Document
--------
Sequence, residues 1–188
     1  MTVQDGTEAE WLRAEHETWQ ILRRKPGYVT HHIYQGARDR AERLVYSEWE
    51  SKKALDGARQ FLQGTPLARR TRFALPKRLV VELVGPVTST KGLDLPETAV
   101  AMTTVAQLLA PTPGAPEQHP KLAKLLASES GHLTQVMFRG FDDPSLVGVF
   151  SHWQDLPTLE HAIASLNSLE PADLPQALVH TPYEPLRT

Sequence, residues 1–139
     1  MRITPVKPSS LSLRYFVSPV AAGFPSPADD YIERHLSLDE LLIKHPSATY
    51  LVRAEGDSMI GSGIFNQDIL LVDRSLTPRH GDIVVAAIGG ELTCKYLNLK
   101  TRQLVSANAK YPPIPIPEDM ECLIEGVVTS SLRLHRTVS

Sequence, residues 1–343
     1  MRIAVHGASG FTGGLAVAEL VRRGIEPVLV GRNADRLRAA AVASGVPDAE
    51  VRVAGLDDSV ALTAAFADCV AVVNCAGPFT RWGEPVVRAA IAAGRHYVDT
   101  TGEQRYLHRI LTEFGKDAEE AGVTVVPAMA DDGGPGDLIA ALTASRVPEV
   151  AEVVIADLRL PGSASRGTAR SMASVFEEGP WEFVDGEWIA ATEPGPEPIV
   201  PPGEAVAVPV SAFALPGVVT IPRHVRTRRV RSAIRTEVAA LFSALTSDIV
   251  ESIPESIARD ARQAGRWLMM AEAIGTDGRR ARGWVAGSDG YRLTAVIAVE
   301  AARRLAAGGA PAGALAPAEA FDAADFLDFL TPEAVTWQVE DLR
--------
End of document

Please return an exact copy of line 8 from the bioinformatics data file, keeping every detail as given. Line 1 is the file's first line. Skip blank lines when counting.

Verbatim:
    51  LVRAEGDSMI GSGIFNQDIL LVDRSLTPRH GDIVVAAIGG ELTCKYLNLK